Contemporary Mathematics

# 3.3Order of Operations

Contemporary Mathematics3.3 Order of Operations

Figure 3.19 Calculators may automatically apply order of operations to calculations. (credit: “Precision” by Leonid Mamchenkov/Flickr, CC BY 2.0)

After completing this module, you should be able to:

1. Simplify expressions using order of operations.
2. Simplify expressions using order of operations involving grouping symbols.

Calculates else sure someone be rules expect explicit we what that needs to need make, we to that them what be calculate to calculated first.

You probably read that sentence and couldn't make heads or tails of it. Seems like it might concern calculations, but maybe it concerns needs? You may even be attempting to unscramble the sentence as you read it, placing words in the order you might expect them to appear in. The reason that the sentence makes no sense is that the words don't follow the order you expect them to follow. Unscrambled, the sentence was intended to be “To be sure that someone else calculates when we expect them to calculate, we need rules that make explicit what needs to be calculated first.”

Similarly, when working with math expressions and equations, if we don't follow the rules for order of operations, arithmetic expressions make no sense. Just a simple expression would be problematic if we didn't have some rules to tell us what to calculate first. For instance, $4×22+3+524×22+3+52$ can be calculated in many ways. You could get 5,184. Or, you could get 80. Or, 96. The issue is that without following a set of rules for calculation, the same expression will give various results. In case you are curious, using the appropriate order of operations, we find $4×22+3+52=444×22+3+52=44$.

### Simplify Expressions Using Order of Operations

The order in which mathematical operations is performed is a convention that makes it easier for anyone to correctly calculate. They follow the acronym EMDAS:

 E Exponents M/D Multiplication and division A/S Addition and Subtraction

So, what does EMDAS tell us to do? In an equation, moving left to right, we begin by calculating all the exponents first. Once the exponents have been calculated, we again move left to right, calculating the multiplications and divisions, one at a time. Multiplication and division hold the same position in the ordering, so when you encounter one or the other at this step, do it. Once the multiplications and divisions have been calculated, we again move left to right, calculating the additions and subtractions, one at a time. Additions and subtractions hold the same position in the ordering, so when you encounter one or the other at this step, do it. (You may have previously learned the order of operations as PEMDAS, with parentheses first; we will add that aspect later on.) We’ll explore this as we work an example.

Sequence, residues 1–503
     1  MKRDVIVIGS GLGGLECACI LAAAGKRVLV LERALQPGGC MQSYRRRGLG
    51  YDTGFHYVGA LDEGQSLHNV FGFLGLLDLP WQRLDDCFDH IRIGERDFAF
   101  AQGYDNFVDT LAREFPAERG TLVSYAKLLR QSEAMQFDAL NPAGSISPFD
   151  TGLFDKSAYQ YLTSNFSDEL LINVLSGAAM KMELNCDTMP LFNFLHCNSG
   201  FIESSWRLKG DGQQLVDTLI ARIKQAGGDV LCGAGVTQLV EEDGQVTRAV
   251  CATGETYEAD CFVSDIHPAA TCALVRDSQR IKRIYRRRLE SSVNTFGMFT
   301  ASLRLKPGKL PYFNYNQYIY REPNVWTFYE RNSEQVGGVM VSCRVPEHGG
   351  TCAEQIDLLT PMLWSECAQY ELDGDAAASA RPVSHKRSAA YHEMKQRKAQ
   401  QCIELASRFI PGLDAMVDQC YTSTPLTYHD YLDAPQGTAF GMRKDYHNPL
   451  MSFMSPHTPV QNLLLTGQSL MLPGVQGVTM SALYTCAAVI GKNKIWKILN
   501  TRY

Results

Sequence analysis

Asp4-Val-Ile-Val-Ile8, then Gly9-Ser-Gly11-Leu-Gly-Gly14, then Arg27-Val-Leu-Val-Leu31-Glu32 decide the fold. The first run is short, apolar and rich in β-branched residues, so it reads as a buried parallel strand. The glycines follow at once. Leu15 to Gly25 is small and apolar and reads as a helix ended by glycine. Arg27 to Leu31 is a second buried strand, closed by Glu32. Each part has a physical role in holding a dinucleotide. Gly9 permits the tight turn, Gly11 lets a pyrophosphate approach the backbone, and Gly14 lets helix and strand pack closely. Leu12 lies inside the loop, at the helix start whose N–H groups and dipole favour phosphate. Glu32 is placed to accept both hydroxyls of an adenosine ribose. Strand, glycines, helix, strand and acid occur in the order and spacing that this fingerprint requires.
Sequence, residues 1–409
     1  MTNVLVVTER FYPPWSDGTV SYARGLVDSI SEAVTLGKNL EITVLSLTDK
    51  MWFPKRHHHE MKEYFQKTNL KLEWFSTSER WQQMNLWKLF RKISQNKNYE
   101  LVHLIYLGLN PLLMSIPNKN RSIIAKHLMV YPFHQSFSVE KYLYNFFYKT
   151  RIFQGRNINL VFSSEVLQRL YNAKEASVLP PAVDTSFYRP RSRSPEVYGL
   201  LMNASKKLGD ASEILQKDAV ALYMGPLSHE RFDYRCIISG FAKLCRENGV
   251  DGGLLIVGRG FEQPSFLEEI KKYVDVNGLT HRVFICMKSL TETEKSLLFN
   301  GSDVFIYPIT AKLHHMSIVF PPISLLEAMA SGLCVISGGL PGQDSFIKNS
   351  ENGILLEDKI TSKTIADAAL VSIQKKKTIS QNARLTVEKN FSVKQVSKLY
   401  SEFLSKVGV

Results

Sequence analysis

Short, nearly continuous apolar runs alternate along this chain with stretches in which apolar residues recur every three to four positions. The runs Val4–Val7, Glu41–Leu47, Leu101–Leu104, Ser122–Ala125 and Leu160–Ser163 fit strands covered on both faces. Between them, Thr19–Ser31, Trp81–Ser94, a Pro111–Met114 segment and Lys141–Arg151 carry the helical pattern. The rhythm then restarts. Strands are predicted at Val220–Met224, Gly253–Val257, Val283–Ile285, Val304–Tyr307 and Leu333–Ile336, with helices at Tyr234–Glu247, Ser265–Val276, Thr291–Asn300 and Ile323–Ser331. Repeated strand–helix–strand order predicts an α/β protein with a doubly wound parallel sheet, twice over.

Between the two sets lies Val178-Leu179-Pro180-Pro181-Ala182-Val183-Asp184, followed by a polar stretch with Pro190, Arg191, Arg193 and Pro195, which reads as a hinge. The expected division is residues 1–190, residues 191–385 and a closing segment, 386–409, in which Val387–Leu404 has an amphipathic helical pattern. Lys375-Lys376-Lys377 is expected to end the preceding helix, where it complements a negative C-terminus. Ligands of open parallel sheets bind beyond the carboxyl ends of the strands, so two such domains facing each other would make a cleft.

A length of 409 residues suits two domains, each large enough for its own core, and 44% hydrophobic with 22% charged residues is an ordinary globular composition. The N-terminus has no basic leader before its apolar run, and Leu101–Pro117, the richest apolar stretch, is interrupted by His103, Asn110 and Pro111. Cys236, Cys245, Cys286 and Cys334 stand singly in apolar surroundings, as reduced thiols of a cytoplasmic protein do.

### Example 3.43

#### Using Two Order of Operations

Calculate $21−4×1321−4×13$.

1.
Calculate $43+18\times15$.

### Example 3.44

#### Using Two Order of Operations

Calculate $4×834×83$.

1.
Calculate ${60^2}/50$.

### Example 3.45

#### Using Three Order of Operations

Calculate $2+32×42+32×4$.

1.
Calculate $3\times{6^3}-18$.

Even if the expression being calculated gets more complicated, we perform the operations in the order: EMDAS.

### Example 3.46

#### Using Eight Order of Operations

Correctly apply the order of operations to compute the following:

$4−25×6/10×32+7×234−25×6/10×32+7×23$.

1.

Correctly apply the order of operations to compute the following:

$13+{3^4}\times8/6\times{5^2}-3\times4$.

### Example 3.47

#### Using Six Order of Operations

Correctly apply the rules for the order of operations to accurately compute the following:

$10−3×53/15+56/410−3×53/15+56/4$.

1.

Correctly apply the rules for the order of operations to accurately compute the following:

$12/(-4)+8\times9/12\times{2^3}-24\times25/10$.

### Example 3.48

#### Using Order of Operations

Correctly apply the rules for the order of operations to accurately compute the following: $(−8)/2×3−9×24/12+9×(−4)2/23(−8)/2×3−9×24/12+9×(−4)2/23$.

1.

Correctly apply the rules for the order of operations to accurately compute the following:

$3\times{4^3}\times7+24/6\times{7^2}-9/3\times8$.